The wildlife of Gros Morne National Park, from the stately Moose to the playful River Otter, offers visitors a glimpse into the rich tapestry of life that thrives in one of Canada’s most stunning natural settings.

Gros Morne National Park Pictures

Engaging Gros Morne

Gros Morne National Park offers an extensive network of hiking trails that cater to all skill levels. Explore the dramatic landscapes of the Tablelands, traverse lush forests, and summit towering peaks for breathtaking panoramic views.

Highlights include the Gros Morne Mountain Trail, a challenging ascent to the park’s second-highest peak, and the scenic Green Gardens Trail, which leads to picturesque coastal cliffs and sea caves. Whether you’re seeking a leisurely stroll or an adrenaline-pumping adventure, hiking is the perfect way to immerse yourself in the park’s stunning natural beauty.

Explore Gros Morne National Park’s stunning landscapes from the comfort of your car on one of its scenic drives. Take the Western Brook Pond Boat Tour offers a guided boat excursion through the park’s spectacular freshwater fjord, surrounded by towering cliffs and cascading waterfalls.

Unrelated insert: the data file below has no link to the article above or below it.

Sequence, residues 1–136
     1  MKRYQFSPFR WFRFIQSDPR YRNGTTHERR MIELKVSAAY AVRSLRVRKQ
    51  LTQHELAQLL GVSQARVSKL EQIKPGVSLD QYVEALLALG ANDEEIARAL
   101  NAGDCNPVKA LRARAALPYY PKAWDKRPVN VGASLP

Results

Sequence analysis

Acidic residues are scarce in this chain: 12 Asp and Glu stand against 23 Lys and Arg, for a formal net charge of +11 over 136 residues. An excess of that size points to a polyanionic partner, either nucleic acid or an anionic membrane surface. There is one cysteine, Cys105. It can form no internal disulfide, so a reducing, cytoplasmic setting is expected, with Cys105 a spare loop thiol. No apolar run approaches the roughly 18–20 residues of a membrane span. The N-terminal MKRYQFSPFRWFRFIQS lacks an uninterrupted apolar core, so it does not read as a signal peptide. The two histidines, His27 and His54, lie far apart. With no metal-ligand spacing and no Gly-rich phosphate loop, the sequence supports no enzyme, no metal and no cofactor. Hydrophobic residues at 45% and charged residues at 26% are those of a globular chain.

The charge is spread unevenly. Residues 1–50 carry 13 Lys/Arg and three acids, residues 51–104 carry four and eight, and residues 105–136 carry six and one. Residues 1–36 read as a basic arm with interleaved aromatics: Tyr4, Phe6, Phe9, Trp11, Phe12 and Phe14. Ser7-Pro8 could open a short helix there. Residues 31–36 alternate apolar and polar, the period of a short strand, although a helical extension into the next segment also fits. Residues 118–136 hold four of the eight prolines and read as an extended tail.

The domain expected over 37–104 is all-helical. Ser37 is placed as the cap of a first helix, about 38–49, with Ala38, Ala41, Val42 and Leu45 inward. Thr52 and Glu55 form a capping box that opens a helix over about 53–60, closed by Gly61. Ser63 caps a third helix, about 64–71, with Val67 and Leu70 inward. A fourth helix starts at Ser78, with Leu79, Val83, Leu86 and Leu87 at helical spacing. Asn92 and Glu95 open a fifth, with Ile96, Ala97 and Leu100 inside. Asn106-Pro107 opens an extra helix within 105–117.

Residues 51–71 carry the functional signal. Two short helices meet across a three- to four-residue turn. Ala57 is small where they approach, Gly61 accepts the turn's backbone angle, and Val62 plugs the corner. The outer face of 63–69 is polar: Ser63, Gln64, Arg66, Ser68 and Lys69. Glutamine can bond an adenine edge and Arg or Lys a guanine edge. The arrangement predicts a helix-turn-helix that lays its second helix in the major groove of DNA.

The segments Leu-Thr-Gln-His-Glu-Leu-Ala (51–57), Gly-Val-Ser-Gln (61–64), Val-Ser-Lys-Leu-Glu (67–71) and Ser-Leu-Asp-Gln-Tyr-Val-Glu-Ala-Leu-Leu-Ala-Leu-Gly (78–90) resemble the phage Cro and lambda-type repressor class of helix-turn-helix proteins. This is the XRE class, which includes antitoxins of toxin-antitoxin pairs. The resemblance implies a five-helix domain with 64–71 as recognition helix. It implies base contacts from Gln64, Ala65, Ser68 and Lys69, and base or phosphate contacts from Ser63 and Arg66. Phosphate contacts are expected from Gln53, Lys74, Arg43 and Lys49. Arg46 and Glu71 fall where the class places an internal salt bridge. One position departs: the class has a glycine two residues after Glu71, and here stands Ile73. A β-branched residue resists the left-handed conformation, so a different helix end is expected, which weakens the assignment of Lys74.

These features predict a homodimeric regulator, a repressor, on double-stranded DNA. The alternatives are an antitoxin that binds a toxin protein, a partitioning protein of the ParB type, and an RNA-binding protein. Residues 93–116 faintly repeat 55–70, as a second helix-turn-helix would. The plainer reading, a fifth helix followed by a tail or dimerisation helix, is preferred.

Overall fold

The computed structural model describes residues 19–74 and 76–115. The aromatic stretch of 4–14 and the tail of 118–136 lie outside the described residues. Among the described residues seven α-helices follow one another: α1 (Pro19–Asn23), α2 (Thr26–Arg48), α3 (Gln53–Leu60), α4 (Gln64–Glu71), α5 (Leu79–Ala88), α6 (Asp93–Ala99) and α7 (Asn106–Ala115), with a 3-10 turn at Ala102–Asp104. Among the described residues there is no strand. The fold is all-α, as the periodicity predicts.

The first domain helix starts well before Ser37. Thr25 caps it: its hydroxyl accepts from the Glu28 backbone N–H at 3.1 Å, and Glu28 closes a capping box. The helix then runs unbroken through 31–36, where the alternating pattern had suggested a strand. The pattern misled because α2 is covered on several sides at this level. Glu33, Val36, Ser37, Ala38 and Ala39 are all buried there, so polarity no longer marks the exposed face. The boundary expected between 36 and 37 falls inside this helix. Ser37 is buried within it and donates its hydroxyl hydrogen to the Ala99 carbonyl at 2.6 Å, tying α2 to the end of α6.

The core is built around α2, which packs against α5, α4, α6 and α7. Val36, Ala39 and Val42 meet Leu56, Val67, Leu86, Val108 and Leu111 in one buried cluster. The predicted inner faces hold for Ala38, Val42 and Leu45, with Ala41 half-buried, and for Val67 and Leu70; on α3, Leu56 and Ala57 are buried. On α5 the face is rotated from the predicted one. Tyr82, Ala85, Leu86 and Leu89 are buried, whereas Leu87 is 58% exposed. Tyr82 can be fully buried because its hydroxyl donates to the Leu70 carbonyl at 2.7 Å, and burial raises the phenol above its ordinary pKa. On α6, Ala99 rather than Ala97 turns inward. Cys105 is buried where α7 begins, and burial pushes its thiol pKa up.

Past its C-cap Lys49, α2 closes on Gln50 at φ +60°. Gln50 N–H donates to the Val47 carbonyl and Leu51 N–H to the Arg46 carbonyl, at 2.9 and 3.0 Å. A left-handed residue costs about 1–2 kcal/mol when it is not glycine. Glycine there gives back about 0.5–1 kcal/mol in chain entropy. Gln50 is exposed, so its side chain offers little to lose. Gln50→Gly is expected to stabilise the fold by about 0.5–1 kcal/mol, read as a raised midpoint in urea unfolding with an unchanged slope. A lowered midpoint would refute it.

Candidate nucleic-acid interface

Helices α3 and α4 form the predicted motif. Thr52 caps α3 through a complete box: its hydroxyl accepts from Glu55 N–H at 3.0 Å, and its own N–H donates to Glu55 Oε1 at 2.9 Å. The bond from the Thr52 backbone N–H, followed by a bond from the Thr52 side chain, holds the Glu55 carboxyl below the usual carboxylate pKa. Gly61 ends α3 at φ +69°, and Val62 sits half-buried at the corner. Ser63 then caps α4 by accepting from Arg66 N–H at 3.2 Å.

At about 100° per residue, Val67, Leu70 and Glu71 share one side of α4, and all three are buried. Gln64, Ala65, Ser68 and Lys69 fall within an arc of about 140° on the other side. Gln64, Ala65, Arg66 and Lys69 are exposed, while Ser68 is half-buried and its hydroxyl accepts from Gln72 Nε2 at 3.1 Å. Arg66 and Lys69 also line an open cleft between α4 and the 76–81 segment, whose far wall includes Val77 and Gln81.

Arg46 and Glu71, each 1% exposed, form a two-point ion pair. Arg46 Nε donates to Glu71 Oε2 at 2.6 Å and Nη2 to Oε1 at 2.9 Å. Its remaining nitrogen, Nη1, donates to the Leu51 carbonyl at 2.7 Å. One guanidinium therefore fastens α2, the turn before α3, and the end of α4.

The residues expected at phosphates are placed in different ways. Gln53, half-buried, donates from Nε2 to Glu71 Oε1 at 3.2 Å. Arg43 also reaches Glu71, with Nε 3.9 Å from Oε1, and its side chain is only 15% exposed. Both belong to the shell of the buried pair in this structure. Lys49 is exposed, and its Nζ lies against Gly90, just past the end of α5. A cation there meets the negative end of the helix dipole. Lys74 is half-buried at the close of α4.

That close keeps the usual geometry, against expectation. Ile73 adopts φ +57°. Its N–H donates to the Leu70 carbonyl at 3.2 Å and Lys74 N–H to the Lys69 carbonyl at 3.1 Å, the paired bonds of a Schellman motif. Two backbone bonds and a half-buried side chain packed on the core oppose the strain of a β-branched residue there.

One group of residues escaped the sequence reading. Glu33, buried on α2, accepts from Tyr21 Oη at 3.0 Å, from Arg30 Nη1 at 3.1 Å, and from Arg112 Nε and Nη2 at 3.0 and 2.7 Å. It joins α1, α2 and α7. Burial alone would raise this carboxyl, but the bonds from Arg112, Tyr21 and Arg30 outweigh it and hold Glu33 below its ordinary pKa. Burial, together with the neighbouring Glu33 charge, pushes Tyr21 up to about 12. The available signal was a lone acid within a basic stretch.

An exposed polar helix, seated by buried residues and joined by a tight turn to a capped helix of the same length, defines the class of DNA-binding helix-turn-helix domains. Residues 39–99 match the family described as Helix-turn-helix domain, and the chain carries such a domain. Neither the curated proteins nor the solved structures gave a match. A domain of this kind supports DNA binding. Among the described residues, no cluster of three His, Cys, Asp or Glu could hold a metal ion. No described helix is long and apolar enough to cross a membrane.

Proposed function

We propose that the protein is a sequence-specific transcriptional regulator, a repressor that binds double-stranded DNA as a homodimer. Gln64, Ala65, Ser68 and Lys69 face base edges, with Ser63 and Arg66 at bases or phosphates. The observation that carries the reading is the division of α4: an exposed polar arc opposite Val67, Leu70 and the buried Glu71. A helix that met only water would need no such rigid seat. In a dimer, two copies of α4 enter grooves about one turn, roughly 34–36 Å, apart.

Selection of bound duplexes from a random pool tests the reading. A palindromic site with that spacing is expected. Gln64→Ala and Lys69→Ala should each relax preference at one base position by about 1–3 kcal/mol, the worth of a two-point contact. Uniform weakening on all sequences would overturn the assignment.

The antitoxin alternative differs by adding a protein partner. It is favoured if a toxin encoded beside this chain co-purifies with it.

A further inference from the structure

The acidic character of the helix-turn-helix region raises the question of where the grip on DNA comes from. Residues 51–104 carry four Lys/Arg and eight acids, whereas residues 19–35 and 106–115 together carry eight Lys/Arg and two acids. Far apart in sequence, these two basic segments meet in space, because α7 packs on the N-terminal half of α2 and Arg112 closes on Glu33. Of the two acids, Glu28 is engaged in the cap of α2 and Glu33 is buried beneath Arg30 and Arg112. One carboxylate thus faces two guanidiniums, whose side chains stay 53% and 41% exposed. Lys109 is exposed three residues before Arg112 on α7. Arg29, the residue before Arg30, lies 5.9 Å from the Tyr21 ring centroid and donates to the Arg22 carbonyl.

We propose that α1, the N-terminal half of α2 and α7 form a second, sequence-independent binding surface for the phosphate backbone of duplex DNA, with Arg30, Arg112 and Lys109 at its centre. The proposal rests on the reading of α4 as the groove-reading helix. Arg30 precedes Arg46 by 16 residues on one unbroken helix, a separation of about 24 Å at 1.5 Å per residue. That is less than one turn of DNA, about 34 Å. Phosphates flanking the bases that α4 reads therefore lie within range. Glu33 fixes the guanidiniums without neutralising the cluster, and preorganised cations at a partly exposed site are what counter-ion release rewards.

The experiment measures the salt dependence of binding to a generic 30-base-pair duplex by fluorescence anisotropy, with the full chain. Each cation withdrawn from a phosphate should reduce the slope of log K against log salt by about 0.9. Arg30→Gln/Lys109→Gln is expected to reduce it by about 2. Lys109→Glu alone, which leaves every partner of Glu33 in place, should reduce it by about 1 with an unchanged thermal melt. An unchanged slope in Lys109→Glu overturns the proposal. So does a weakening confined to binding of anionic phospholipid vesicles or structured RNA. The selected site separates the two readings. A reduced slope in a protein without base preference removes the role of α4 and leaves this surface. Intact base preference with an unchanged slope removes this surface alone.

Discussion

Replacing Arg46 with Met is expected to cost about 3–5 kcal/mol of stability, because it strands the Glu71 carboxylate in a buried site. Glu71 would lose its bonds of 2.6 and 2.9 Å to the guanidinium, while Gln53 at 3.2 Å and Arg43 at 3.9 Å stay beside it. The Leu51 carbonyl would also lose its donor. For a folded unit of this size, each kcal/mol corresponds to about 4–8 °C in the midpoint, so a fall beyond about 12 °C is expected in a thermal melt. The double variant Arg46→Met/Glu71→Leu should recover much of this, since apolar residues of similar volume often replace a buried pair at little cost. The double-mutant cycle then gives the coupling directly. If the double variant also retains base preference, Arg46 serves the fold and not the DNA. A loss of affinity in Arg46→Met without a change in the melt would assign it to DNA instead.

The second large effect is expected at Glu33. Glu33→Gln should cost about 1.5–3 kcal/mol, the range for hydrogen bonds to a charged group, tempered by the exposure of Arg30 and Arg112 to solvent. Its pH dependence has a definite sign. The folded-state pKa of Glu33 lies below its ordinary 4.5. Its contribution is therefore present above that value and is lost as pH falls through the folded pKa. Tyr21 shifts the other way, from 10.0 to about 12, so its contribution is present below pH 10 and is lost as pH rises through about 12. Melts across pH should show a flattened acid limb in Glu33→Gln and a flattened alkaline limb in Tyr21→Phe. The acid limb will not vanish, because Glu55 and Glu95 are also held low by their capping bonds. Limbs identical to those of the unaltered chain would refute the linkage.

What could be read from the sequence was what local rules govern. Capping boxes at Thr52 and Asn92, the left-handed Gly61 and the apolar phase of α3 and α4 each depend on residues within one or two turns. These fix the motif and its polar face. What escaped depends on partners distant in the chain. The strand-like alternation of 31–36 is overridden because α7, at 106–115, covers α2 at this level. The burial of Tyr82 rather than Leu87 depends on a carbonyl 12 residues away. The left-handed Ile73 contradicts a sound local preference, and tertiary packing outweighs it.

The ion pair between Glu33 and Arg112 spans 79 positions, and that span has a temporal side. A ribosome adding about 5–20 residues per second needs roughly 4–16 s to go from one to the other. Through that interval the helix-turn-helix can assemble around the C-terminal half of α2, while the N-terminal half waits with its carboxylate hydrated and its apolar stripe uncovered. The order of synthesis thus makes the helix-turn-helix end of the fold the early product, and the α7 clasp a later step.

Alternatively, drive along the coastal Route 430, known as the Viking Trail, which offers breathtaking views of the park’s rugged coastline, picturesque fishing villages, and ancient geological formations. Scenic drives provide a convenient way to experience Gros Morne’s natural beauty and diverse landscapes at your own pace.

Embark on a boat tour of Gros Morne’s stunning fjords and coastline for a unique perspective of the park’s rugged landscapes. Cruise past towering cliffs, cascading waterfalls, and ancient rock formations as knowledgeable guides provide insights into the area’s geology, wildlife, and cultural history.

Keep an eye out for marine wildlife such as whales, dolphins, and seabirds, which frequent these rich waters. Boat tours offer a relaxing and informative way to experience Gros Morne’s breathtaking scenery while learning about the region’s natural and cultural heritage.